Farhat v. Monteanu, 2015 ONSC 2119 (CanLII)

In this summary judgment motion, Perell J. of the Ontario Superior Court of Justice held that a person cannot always be expected to commence an action before he or she knows that the injuries surpass the threshold, which may not always be apparent on the date in which the accident occurred.

Decision Released April 1, 2015Full Decision

The plaintiff was injured when his vehicle was rear-ended by the defendant’s vehicle on May 18, 2006.  Within a few weeks of the accident, the plaintiff’s lawyer put the defendant on notice of the plaintiff’s potential claim advising that the plaintiff had sustained “serious injuries” as a result of the accident. Nine months after the accident, the plaintiff was diagnosed with a non-dermatoromal sensory deficit in his left upper and lower extremities, which ultimately provided the basis of a chronic pain claim.

Just over two years following the accident (on June 19, 2008), the plaintiff commenced a personal injury action against the defendant. The defendant moved for summary judgment dismissing the plaintiff’s claim as statute-barred since it was brought outside of the applicable limitation period.  The defendant argued that pursuant to s. 5(2) of the Limitations Act, 2002, there is a presumption that a motor vehicle accident claim is discovered on the date the accident occurred and the plaintiff had to provide evidence that the issuance of the claim was delayed because of the need to obtain medical confirmation that the plaintiff’s serious injury was a permanent injury and thus, met the threshold under s. 267.5(5) of the Insurance Act.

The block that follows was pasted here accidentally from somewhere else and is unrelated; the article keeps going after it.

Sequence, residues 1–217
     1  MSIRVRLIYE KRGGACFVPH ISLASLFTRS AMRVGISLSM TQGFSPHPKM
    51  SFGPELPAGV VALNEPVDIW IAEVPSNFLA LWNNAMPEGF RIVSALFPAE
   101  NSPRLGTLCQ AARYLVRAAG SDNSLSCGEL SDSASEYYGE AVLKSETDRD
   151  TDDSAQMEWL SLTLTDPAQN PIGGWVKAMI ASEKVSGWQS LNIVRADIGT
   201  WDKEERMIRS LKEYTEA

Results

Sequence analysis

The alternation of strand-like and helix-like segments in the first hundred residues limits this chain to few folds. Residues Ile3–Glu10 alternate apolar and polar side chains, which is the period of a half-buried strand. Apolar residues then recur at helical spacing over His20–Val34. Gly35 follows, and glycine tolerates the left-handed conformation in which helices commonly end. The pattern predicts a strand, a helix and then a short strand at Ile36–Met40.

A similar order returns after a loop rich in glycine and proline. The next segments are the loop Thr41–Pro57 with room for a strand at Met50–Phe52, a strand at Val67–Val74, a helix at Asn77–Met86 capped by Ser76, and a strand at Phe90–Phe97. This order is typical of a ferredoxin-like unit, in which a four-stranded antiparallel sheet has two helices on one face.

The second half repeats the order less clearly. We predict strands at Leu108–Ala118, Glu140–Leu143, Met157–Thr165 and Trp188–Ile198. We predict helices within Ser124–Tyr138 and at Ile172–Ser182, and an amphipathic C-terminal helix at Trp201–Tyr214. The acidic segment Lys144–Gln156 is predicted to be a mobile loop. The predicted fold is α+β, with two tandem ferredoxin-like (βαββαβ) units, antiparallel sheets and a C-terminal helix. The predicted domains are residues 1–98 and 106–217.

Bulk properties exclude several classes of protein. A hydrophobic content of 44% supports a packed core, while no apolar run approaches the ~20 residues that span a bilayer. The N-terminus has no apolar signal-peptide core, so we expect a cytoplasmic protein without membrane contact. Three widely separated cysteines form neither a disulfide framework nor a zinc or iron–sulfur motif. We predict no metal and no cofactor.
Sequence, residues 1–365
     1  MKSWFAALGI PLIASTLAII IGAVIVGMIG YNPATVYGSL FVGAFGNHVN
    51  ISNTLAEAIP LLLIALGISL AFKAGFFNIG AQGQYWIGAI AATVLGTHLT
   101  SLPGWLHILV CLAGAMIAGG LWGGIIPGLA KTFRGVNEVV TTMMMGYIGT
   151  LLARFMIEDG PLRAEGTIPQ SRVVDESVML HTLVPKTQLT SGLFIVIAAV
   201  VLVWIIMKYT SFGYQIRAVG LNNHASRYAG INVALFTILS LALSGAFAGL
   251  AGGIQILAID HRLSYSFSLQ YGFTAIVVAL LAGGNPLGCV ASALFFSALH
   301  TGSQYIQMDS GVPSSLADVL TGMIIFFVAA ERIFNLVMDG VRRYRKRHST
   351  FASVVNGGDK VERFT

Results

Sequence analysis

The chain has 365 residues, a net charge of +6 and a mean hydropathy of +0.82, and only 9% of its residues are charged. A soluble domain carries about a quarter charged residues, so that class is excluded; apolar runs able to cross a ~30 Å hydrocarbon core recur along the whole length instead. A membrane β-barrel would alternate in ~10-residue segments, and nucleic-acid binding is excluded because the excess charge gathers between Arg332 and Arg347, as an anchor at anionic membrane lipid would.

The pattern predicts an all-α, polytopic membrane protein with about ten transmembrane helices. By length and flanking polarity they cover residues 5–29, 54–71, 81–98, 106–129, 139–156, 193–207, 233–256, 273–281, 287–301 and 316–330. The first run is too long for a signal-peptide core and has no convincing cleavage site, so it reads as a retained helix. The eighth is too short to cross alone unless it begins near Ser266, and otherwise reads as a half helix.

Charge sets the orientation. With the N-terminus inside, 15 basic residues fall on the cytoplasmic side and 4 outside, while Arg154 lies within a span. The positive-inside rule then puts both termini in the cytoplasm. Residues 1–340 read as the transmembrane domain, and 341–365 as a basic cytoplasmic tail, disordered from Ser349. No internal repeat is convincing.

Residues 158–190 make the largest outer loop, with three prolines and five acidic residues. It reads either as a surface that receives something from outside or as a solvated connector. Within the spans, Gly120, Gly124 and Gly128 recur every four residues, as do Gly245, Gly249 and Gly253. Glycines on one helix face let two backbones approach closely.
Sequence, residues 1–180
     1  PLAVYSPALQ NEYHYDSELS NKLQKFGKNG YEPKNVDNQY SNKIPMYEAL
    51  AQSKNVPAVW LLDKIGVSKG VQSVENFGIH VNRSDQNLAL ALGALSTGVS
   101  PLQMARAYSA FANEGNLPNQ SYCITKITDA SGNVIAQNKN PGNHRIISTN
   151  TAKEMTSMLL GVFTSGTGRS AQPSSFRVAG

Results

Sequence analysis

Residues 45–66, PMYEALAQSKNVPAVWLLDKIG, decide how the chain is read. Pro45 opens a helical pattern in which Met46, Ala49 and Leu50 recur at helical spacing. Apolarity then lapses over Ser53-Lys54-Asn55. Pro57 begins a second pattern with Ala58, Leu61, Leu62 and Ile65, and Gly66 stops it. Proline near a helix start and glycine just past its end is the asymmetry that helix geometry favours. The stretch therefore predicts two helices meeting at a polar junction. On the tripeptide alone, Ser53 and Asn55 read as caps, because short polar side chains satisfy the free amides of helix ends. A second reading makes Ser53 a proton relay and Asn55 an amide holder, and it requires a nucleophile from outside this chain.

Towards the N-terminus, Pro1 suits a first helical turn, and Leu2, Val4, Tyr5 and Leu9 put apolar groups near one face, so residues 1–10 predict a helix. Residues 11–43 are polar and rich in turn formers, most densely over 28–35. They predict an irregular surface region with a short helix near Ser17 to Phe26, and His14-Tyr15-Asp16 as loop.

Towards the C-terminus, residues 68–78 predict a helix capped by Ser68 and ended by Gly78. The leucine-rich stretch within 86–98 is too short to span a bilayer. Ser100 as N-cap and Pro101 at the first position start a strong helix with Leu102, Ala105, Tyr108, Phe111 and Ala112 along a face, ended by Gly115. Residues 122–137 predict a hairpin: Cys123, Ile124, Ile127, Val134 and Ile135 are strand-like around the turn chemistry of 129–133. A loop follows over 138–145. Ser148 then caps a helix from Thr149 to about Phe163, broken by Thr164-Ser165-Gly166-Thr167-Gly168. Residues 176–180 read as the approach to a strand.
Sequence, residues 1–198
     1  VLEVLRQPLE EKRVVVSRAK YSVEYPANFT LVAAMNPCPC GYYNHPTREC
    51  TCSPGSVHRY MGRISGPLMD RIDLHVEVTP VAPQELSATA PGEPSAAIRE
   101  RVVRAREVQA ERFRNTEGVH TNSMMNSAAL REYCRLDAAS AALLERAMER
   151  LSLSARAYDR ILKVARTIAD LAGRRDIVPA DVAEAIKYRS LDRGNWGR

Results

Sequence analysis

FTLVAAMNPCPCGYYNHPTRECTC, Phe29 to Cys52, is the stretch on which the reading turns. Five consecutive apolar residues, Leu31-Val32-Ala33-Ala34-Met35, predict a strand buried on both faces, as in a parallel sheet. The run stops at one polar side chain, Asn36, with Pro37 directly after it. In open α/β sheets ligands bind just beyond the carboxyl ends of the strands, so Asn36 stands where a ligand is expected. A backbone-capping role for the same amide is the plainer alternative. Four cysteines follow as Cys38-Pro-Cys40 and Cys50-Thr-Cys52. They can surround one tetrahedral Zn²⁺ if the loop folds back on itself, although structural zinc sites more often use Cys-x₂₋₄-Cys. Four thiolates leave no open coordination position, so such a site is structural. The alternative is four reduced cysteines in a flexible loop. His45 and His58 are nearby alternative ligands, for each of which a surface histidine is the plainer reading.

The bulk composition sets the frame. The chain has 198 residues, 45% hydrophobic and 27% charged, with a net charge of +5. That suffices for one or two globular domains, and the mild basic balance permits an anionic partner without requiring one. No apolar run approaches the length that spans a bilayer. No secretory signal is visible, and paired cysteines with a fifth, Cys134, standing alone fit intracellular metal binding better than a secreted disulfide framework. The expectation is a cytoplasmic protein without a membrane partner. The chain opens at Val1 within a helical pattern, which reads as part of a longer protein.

Justice Perell confirmed that on such motions the onus is on the plaintiff to persuade the court that:

  1. the seriousness of his injury was not discoverable within the applicable limitation period; and
  2. he acted with due diligence to discovery if there was a cause of action.

Referring to the Ontario Superior Court’s decision in Hoffman v. Jekel, Justice Perell stated that a “person cannot be expected to commence an action before he or she knows that the necessary elements as set out in the legislation can be established on the evidence.” It could take several months to determine whether ongoing pain suffered as a result of an accident is a permanent serious impairment. A plaintiff with only a chronic pain claim will not know that the claim surpasses the Insurance Act threshold until sometime after the date of the accident. Therefore, Justice Perell found that the plaintiff need only show that he could not have discovered his chronic pain claim between the date of the accident and June 18, 2006 (two years before the date the action was commenced).  He was satisfied the plaintiff had done so.  Ultimately, the defendant’s motion for summary judgment was dismissed.


Read the full decision on CanLII

Written by

Einav practices exclusively in civil litigation. Her practice focuses on motor vehicle accident, accident benefits, occupier’s liability, slip/trip and falls, dog bites, medical malpractice, solicitor negligence, class action, employment and sexual assault claims.

During her free time, Einav takes improv and Spanish lessons. She enjoys being active, traveling, and spending time with family and friends.